This section offers broad advice on what to keep in mind when constructing a research design. Many of the points discussed below are drawn from and presented more fully within Epstein & King (2002) as well as King, Keohane, & Verba (1994) which are highly recommended sources for in-depth guidance on proper research design and execution.
The first step of any empirical research study is to formulate a research question. What does the study seek to explain? A good research question should generally conform to the following rules:
- The question should be relevant to the real world. It is important that the study seeks to provide practical and important implications for society.
- The question should contribute to an existing body of scholarly literature. By speaking to an established set of related studies, the researcher can help avoid significant problems such as duplicating or overlooking previous work. Issac Newton’s famous quote, “if I have seen a little further it is by standing on the shoulders of Giants” colorfully illustrates this rule.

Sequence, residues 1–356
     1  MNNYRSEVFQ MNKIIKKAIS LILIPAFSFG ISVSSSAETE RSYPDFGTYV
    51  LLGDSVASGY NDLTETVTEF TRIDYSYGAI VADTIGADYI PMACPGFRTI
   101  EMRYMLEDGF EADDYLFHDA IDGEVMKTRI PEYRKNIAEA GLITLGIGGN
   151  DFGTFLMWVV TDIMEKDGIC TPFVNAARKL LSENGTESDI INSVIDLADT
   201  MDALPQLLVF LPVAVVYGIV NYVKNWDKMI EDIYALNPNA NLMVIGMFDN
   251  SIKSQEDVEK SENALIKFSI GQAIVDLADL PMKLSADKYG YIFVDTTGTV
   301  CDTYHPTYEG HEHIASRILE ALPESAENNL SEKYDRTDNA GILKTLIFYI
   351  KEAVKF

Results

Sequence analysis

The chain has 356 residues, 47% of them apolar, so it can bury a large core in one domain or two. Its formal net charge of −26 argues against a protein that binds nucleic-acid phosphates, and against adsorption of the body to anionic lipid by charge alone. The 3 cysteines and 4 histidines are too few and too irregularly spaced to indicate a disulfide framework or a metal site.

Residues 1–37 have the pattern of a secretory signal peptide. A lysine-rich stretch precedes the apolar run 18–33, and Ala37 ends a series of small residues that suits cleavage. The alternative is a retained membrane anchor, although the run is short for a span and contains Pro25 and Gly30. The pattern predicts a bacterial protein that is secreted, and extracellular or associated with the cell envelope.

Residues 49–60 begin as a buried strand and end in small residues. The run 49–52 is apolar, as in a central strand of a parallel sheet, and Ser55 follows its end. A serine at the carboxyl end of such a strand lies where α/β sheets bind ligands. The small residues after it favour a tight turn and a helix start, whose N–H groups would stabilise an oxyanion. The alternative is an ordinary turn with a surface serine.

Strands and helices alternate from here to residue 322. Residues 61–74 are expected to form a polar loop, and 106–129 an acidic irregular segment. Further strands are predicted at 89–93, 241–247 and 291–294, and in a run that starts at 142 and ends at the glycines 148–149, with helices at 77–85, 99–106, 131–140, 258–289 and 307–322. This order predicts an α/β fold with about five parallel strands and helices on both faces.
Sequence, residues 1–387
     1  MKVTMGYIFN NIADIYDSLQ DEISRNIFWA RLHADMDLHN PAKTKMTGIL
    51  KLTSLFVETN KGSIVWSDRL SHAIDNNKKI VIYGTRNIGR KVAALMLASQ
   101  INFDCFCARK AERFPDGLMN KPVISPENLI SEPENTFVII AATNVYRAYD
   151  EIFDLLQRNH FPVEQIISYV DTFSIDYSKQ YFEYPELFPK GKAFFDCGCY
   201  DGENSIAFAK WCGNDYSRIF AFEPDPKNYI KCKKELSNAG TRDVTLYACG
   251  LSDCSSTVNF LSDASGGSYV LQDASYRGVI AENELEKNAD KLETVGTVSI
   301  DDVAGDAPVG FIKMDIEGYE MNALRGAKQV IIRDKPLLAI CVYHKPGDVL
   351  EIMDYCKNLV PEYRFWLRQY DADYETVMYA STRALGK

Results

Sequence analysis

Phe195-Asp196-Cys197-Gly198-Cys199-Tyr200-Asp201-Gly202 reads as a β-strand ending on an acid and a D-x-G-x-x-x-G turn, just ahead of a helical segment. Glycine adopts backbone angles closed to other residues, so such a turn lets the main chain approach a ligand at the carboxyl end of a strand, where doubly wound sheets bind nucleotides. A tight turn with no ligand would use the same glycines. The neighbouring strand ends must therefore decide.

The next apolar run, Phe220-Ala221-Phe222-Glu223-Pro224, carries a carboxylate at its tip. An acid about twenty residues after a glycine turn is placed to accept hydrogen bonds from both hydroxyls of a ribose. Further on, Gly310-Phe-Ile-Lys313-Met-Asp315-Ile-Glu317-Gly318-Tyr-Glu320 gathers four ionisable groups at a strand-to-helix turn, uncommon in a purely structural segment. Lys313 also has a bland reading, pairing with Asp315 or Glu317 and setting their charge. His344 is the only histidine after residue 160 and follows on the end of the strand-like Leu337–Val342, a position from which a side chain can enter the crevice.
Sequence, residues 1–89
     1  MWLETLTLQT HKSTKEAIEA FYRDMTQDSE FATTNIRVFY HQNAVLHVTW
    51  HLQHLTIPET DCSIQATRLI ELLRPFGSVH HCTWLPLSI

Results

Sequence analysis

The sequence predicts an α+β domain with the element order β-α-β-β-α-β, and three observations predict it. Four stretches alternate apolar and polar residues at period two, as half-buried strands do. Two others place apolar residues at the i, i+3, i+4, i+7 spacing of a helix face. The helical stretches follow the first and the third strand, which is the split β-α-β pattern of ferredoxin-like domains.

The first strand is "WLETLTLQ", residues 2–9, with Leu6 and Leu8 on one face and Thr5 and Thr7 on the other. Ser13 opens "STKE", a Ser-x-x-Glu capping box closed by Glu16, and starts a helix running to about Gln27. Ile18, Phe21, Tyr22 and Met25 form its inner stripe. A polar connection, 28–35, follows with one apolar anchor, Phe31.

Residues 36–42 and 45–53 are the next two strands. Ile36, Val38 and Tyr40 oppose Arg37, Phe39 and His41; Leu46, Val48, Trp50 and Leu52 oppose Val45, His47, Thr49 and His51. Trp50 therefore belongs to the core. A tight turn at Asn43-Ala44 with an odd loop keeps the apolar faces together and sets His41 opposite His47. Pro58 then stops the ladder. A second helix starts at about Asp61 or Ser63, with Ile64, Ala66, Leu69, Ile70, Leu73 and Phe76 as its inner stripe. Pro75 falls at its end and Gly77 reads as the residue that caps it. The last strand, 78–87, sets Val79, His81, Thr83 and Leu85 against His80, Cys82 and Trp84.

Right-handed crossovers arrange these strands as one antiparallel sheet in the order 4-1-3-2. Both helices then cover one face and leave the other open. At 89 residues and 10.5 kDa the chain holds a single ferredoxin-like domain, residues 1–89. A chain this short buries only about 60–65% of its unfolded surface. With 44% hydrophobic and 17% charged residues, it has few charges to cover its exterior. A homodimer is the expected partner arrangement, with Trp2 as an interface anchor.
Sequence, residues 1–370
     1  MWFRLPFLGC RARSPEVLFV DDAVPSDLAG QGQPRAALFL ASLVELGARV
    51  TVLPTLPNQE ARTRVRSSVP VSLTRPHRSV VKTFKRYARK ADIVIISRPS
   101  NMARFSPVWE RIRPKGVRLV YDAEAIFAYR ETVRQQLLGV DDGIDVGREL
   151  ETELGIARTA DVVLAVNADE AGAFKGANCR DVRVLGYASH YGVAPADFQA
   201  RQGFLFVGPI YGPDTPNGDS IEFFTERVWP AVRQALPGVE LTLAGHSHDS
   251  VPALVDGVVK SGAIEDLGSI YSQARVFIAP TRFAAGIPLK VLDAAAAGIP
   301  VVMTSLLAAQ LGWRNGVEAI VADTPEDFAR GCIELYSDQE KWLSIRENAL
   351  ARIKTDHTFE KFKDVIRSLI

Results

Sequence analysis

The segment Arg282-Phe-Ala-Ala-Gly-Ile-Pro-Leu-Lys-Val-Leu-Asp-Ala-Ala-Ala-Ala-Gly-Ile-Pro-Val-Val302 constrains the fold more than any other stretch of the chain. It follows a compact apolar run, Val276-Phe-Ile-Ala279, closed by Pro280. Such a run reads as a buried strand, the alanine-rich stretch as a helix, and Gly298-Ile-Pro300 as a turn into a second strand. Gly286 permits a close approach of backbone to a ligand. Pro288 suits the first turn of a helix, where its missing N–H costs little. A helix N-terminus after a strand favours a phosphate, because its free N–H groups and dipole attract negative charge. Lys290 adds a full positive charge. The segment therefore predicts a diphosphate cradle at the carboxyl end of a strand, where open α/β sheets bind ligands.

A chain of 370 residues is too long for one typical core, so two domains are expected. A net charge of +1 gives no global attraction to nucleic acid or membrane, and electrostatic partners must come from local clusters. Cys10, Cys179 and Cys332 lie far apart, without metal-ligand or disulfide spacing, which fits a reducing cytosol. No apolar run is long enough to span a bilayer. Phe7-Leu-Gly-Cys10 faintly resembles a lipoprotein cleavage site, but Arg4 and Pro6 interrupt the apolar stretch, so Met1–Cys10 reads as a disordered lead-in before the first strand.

Once the research question is clearly stated, the next step is to offer a clear answer to the question which is theoretically informed and from which falsifiable hypotheses can be derived. The hypothesis should:
- Be stated clearly enough to allow for a test which can determine if the proposed answer is wrong.
- Specify a relationship between an outcome (dependent variable) and one or more explanatory variables (independent variables).
If there is insufficient evidence to reject a clearly stated, falsifiable hypothesis, then the theory becomes increasingly plausible. A theory which offers many observable implications and therefore more opportunities to be tested has the potential to become a very strong theory if the hypotheses derived from it cannot be rejected.
Remember that the fundamental objective of empirical research is to make inferences—that is, using known facts to understand unknown facts. Typically we use observable data (known facts) to test certain hypotheses which are guided by theory to uncover these unknown facts.
Let’s take a look at a simple example.